Jazz. I spent my late adolescent years in Boston, New York and San Francisco, in affordable jazz clubs instead of rock clubs. For the price of one drink, we could stay into the night and all night. Jazz lovers and jazz clubs were integrated. What an amazing word! Some of the musicians were white, some were black. Did it matter where the music originated? Yes and no. Its African and slave origins were embedded. Tunes held the pain of the Middle Passage, the celebration of survival, hope for the future. The British imitators I knew when I lived in London—George Melly, Johnnie Dankworth, Cleo Laine, in particular—were in awe of its power and did their best to honor the musical tradition, making their own contributions.

So I ask again: do bigots listen to jazz? Should we pipe this indigenous American music through the air ducts of offices and bus stations, supermarkets and Walmarts? And, if we could do this, would a bigot’s brain waves shift from hatred to love? Would they begin to absorb the true meaning and promise of America? Would they stand down and turn in their guns?

Fly Me To The Moon

August 2, 2017

Photo of the moon rising © by Carol Bergman
I dreamt I booked passage to the moon. I opened the brochure and Frank Sinatra started singing Bart Howard’s love song, “Fly Me To The Moon.” That mellow voice. It was very relaxing.

What are you doing to relax, dear reader? Taking care of yourself, I hope.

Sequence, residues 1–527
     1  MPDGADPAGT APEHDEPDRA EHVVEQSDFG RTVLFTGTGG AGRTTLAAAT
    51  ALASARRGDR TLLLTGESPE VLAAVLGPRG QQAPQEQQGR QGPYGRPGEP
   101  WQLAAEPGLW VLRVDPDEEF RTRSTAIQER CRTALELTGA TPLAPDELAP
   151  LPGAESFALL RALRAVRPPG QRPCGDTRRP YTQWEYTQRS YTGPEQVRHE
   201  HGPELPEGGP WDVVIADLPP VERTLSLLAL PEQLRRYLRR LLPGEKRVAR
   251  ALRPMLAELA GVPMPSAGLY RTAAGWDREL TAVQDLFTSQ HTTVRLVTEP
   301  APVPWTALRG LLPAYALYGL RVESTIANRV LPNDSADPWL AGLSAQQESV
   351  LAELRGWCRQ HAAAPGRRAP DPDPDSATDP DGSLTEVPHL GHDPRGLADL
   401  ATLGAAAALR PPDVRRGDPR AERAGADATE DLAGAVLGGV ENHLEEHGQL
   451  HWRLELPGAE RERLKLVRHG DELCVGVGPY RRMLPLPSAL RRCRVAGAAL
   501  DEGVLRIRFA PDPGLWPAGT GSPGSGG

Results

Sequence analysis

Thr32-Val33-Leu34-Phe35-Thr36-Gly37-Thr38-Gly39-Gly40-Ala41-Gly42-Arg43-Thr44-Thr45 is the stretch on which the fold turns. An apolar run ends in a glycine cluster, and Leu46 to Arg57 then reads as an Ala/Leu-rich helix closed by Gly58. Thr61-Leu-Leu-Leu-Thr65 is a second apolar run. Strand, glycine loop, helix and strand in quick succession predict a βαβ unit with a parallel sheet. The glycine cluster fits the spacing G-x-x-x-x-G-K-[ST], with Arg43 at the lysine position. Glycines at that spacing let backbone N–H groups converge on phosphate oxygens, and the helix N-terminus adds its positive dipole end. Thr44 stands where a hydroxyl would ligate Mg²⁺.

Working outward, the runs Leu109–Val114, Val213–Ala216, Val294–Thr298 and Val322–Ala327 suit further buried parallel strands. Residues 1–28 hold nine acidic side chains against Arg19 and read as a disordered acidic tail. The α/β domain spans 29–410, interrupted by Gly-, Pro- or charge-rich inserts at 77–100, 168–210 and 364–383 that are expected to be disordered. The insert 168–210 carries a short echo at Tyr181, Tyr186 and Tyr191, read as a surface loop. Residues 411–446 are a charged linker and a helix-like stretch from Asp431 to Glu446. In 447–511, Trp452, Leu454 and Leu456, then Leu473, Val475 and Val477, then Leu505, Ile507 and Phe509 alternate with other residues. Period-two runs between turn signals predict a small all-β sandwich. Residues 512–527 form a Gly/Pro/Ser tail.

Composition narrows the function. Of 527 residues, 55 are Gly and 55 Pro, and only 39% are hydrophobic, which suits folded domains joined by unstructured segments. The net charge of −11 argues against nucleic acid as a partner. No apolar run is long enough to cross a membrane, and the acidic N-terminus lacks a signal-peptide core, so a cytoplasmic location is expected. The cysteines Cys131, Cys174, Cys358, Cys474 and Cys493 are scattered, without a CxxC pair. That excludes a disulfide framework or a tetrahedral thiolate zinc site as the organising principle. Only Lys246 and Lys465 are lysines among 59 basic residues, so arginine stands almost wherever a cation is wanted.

I went to see my PCP yesterday to check out a small worry spot, and while we were commiserating about the mess in DC, we exchanged reading lists. I am totally into John Le Carré’s “Night Manager,” and also watched the mini-series (compelling, highly recommend), and he is reading a lot of junk and can’t even remember all the titles. When he is not reading junk, he is glued to MSNBC, not a good idea before sleep, I said. You are probably right, I have worry spots, too, he said. I put my husband under a headset when he watches MSNBC late at night, and I listen to music and read, I told him. I should do the same, my PCP said. Listen to music, that is.

I am a writer, I need to keep my mind clear. About a week ago I noticed that my Facebook feed was flooded with all kinds of news outlets because I had “liked” this and that. I couldn’t find my friends anymore, all those sweet pics of flowers and children and holidays. So I unliked as much as I could. It was like cutting away the fat on a piece of meat. And I don’t eat meat, so forgive me, but I cannot think of another analogy.

I should stop eating meat, too, my PCP said.

What would life be like on the moon?, I asked him. I woke up with this question in my head. Would night and day be all mixed up like we are here on earth right now? Because I do think we are all mixed up right now. Yes, my PCP agreed. Then he told me to get going, to move on. Sooner or later, there’ll be another worry spot, he said, but for now, when you leave here, rest assured that this one is okay, and that you are okay.

But even after I left the office, I kept thinking about living on the moon. Would it be an outdoor or indoor life? Would I be able to teach an advanced writing workshop? Find a bookstore? Order books from amazon.com? Would my cell phone work?